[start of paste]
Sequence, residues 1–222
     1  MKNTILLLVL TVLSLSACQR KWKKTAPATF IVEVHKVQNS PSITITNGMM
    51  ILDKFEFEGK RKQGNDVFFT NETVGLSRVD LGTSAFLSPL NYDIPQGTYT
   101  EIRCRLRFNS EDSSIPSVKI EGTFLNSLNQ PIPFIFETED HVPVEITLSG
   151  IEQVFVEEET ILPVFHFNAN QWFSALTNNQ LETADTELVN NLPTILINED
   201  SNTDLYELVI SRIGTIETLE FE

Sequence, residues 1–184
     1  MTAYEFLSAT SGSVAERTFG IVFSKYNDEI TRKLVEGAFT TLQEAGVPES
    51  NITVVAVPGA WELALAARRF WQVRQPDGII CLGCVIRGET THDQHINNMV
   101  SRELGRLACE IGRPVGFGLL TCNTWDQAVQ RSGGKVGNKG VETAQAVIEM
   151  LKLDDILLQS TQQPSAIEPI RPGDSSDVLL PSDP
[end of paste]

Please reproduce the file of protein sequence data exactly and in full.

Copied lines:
Sequence, residues 1–222
     1  MKNTILLLVL TVLSLSACQR KWKKTAPATF IVEVHKVQNS PSITITNGMM
    51  ILDKFEFEGK RKQGNDVFFT NETVGLSRVD LGTSAFLSPL NYDIPQGTYT
   101  EIRCRLRFNS EDSSIPSVKI EGTFLNSLNQ PIPFIFETED HVPVEITLSG
   151  IEQVFVEEET ILPVFHFNAN QWFSALTNNQ LETADTELVN NLPTILINED
   201  SNTDLYELVI SRIGTIETLE FE

Sequence, residues 1–184
     1  MTAYEFLSAT SGSVAERTFG IVFSKYNDEI TRKLVEGAFT TLQEAGVPES
    51  NITVVAVPGA WELALAARRF WQVRQPDGII CLGCVIRGET THDQHINNMV
   101  SRELGRLACE IGRPVGFGLL TCNTWDQAVQ RSGGKVGNKG VETAQAVIEM
   151  LKLDDILLQS TQQPSAIEPI RPGDSSDVLL PSDP